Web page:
“I dissected each song,” says singer and songwriter Christian Parker. “I wanted to do the record my own way and make it authentic and still be true to the original.” The record he was taking on? The Byrds’ now-legendary country-rocker, Sweethearts of the Rodeo. On August 18th, Parker will release his version, dubbed Sweethearts, featuring his rollicking band and support from pianist Earl Poole Ball and pedal steel from JayDee Maness—both of whom played on the original record back in 1968.
Just as then-new Byrds member Gram Parsons loved the Louvin Brothers, Merle Haggard, and Cindy Walker—and wanted to deliver faithful versions of their songs “The Christian Life,” “Life in Prison,” and “Blue Canadian Rockies”—so Parker delivers the Byrds’ versions in tender renditions that capture the groundbreaking character of the original album. Throughout Sweethearts, Parker’s vocals echo the purity of Parsons’ efforts to import the clarity of county music into vibrant rock rhythms. In addition to the original eleven songs on Sweethearts of the Rodeo, Parker has included three more classics: “I Still Miss Someone,” “Satisfied Mind,” and “Drugstore Truck Driving Man.”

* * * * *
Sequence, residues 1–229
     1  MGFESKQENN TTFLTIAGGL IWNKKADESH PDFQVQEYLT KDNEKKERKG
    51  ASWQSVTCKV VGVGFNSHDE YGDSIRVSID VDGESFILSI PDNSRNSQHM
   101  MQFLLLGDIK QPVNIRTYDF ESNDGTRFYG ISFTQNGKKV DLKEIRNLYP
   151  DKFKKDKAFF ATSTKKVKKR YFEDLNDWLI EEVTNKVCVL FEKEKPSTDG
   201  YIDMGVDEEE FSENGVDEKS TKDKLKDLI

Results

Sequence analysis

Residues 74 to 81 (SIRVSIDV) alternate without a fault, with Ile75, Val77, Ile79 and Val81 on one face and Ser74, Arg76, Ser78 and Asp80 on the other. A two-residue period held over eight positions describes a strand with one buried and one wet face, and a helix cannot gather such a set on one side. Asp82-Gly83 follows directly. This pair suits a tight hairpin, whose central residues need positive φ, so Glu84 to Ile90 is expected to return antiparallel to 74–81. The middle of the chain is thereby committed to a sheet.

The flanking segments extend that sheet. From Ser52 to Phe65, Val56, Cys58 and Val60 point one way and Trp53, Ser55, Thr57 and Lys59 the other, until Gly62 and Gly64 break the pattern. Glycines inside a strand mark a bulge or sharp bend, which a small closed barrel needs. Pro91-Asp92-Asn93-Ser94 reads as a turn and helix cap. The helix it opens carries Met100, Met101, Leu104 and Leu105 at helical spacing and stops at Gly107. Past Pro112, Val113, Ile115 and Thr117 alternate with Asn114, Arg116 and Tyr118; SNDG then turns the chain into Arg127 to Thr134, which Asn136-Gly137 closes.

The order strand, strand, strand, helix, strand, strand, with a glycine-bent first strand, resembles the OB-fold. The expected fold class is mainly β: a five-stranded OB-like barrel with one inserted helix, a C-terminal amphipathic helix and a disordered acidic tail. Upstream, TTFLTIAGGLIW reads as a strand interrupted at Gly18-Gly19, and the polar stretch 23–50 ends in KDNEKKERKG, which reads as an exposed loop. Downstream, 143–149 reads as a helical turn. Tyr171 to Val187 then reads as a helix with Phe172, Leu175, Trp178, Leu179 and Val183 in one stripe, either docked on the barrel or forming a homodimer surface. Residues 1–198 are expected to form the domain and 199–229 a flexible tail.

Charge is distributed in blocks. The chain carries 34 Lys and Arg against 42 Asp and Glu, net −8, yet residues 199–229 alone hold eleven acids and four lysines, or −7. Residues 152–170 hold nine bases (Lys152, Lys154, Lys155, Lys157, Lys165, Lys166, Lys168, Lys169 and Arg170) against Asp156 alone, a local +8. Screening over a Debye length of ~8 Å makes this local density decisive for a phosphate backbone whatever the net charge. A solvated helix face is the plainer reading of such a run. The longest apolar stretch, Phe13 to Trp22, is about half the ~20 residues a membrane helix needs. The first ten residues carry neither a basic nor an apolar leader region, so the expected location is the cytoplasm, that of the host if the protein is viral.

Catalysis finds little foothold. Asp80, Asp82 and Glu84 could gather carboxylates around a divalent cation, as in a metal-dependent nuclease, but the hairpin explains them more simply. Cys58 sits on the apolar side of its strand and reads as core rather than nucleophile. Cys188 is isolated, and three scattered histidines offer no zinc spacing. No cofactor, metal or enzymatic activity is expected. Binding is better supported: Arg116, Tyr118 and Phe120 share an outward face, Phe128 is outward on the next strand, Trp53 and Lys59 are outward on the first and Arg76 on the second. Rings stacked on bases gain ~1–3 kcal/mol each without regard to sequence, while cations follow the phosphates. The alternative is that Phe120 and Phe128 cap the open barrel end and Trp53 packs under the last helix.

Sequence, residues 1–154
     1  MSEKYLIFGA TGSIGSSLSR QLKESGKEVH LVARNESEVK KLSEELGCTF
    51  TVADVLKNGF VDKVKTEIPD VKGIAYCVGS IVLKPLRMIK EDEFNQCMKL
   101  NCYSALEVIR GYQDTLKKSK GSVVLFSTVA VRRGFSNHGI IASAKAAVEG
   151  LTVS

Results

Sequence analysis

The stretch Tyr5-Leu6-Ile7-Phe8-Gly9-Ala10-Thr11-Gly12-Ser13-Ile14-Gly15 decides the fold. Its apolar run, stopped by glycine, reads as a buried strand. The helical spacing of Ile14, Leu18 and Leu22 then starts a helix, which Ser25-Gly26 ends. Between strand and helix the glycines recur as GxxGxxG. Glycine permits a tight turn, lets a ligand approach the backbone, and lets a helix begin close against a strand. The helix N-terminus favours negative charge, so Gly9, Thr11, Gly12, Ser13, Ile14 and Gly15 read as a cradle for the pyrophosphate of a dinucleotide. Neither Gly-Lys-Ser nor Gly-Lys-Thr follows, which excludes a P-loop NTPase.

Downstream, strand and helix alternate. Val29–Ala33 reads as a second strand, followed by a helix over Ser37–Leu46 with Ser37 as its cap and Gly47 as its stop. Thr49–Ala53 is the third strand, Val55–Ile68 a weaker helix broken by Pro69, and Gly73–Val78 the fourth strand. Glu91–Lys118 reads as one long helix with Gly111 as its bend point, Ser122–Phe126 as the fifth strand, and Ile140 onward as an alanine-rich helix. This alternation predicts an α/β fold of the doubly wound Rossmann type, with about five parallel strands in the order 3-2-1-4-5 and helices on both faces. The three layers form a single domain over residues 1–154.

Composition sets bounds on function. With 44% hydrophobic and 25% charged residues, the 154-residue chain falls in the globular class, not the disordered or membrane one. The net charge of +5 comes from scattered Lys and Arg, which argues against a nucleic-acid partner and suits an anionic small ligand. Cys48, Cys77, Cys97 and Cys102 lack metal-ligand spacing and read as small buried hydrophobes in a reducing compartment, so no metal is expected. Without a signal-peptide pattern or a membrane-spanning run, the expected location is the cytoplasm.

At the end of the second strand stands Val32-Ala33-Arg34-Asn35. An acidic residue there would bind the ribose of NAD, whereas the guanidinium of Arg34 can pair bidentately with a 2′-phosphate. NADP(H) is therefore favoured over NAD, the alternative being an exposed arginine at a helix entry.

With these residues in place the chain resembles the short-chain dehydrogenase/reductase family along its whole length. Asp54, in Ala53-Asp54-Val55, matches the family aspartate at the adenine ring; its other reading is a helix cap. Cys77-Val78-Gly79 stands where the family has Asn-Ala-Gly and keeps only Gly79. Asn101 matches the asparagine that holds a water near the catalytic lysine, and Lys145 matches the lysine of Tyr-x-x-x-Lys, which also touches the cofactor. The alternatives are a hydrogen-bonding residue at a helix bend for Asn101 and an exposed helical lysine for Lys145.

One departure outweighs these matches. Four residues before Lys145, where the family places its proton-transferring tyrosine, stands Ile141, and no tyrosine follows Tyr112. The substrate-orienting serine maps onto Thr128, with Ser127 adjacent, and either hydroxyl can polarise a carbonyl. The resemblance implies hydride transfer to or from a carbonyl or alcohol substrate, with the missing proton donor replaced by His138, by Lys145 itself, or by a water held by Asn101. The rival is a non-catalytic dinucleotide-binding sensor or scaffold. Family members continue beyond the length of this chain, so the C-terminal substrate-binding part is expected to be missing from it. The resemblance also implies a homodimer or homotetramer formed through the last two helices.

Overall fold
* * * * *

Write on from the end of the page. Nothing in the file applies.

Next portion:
On Tuesday, Parker shared the first single from Sweethearts, the album-opening “You Ain’t Goin’ Nowhere” with premiere partner The Bluegrass Situation. “I first heard this song by Bob Dylan on an acoustic guitar. But I was hooked when I listened to the opening pedal steel guitar on the Byrds album,” says Parker. “This song was in my repertoire for decades, and I felt like I was recording an old friend. Tracer James’ interpretation of Lloyd Greens’ pedal steel guitar opens Sweethearts up perfectly and having Earl Poole Ball in the studio, who played piano on the original version, was magical for me.” Finding room between James’ scampering steel licks and Ball’s gospel-inflected piano runs, Parker delivers the song’s iconic refrain: “Whoo-ee, ride me high / Tomorrow’s the day my bride’s gonna come.” The cascading piano on the outre is Parker’s distinctive take on this buoyant song.